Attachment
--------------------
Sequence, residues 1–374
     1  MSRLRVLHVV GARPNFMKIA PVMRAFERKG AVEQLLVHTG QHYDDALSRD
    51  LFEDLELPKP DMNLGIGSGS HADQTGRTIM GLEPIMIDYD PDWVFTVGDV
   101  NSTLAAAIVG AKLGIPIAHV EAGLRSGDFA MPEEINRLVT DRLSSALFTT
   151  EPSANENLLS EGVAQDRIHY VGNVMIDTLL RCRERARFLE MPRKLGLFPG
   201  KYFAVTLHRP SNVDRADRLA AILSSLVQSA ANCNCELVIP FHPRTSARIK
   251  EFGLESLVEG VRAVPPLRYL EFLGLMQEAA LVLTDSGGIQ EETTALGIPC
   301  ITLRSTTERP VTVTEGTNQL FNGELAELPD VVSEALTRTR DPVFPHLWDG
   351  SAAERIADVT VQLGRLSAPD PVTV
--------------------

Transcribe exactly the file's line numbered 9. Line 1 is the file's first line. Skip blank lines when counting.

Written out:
   351  SAAERIADVT VQLGRLSAPD PVTV